Putin’s speech echoed Boris Yeltsin’s state-of-the-nation speech of 1997, when he promised 2 percent economic growth and vowed “to establish order” based “not on force but on the rule of law.” And some observers see ominous parallels between today’s improving economy and the boomlet of 1997 that crashed in a heap of financial wreckage in August 1998. But the pessimists for once may be wrong. Evidence is mounting that the current economic recovery, which began before Putin came to power, is accelerating and has some staying power.

Investment spending on fixed capital–new plant and equipment and residential construction–rose 4.5 percent in 1999 over 1998. Preliminary data from Goskomstat, the official statistical agency, show a further 14 percent year-on-year increase in January-May of 2000.

The figures are surprising to skeptics and a bit puzzling even to optimists about Russia’s economic chances. After all, the well-known disincentives to investment–the crazy-quilt tax structure, government corruption, criminal extortion–all still flourish. And even though the economy is producing only half the goods and services it did eight years ago, official records show there is still plenty of idle capacity in existing factories. But the boom is not entirely mysterious.

First, the financial collapse and devaluation of August 1998, led–painfully, to be sure–to replacement of imports with domestic products at home, and to increased earnings for exporters. That built up demand. Second, much of what is called excess capacity is junk, barely capable of producing goods that no one wants or needs. Enterprises may assign value to useless plant and equipment, but as demand picked up, mothballed Soviet-era factories didn’t necessarily start to hum. New capital stock had to be created, and that requires high levels of investment.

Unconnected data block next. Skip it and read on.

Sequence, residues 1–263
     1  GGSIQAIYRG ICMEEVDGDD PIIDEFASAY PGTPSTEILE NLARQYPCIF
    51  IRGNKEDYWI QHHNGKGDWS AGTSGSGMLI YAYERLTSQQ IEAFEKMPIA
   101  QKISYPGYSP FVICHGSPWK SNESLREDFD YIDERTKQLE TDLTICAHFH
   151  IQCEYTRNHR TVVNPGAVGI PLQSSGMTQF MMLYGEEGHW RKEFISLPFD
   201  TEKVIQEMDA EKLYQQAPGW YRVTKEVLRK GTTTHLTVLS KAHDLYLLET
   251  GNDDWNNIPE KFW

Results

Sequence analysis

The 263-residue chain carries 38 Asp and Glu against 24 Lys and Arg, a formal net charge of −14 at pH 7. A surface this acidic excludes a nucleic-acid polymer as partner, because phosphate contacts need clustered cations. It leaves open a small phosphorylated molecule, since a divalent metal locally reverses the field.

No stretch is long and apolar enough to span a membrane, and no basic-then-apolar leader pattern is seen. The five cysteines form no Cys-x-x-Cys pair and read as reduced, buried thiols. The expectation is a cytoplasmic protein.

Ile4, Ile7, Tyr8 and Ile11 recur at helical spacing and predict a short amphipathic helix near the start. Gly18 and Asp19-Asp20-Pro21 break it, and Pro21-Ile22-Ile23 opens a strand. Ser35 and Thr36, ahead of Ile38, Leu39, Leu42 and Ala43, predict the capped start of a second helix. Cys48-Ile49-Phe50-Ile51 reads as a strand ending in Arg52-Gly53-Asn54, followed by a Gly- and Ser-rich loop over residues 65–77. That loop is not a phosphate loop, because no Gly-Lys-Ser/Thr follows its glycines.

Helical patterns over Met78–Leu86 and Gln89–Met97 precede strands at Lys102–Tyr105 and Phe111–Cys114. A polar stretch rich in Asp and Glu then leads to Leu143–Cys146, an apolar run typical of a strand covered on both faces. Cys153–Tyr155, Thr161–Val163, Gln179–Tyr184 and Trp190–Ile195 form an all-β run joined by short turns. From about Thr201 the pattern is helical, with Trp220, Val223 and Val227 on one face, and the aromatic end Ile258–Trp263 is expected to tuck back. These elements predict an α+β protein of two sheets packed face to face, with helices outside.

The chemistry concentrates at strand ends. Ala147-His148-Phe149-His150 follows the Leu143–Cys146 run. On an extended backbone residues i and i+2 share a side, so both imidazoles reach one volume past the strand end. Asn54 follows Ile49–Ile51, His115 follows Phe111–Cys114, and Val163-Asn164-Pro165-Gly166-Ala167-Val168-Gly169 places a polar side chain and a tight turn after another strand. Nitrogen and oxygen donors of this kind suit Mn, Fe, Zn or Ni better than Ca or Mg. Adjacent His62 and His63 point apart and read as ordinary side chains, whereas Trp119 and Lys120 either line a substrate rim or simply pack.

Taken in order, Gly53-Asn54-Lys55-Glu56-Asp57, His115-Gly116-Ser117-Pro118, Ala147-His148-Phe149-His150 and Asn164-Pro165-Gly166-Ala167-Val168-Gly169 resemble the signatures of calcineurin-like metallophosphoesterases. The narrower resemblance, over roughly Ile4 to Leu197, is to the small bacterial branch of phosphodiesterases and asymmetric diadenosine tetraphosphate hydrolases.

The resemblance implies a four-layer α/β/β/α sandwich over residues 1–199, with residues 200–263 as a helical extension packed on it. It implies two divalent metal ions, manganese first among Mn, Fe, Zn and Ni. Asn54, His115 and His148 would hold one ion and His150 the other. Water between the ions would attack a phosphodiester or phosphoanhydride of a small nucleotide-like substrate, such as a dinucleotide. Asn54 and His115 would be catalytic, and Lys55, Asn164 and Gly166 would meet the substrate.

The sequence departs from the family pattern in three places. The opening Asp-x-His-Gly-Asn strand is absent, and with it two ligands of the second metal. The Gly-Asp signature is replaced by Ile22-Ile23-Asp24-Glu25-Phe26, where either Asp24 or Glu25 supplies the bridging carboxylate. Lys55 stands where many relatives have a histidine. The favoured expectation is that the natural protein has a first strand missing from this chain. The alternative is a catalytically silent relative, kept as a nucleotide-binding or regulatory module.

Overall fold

To make investment easy, the Central Bank over the past twelve months or so has reflated the economy with low interest rates and a rising supply of money. For those with the political pop or economic clout to get credit, banks will lend twelve-month money at under 30 percent interest, a rate that could turn out to be less than the rate of inflation. And the government has closed the big-casino financial markets that in 1998 made a chump out of anyone who spent rubles on anything but government paper. With no short-term government notes to speculate in, it’s OK for managers to invest in production.

Rising inflation has to be a worry. Just two weeks ago, Finance Minister Aleksei Kudrin projected 2000 inflation at 4 or 5 percent. The federal budget uses a figure of 18 percent. But consumer prices rose 2.6 percent in June, which is about 36 percent on an annual basis.

One reason for the inflation surge is the government’s success in ensuring that earnings from exports are brought back to Russia. The Central Bank buys up this foreign currency for rubles, adding to the money supply and pushing up prices. That suggests that if oil and gas and mineral exporters would just squirrel more money away in Cyprus and Nauru, containing inflation would be a simpler task. Of course investment would drop as well. It’s choices like these that make economics the dismal science.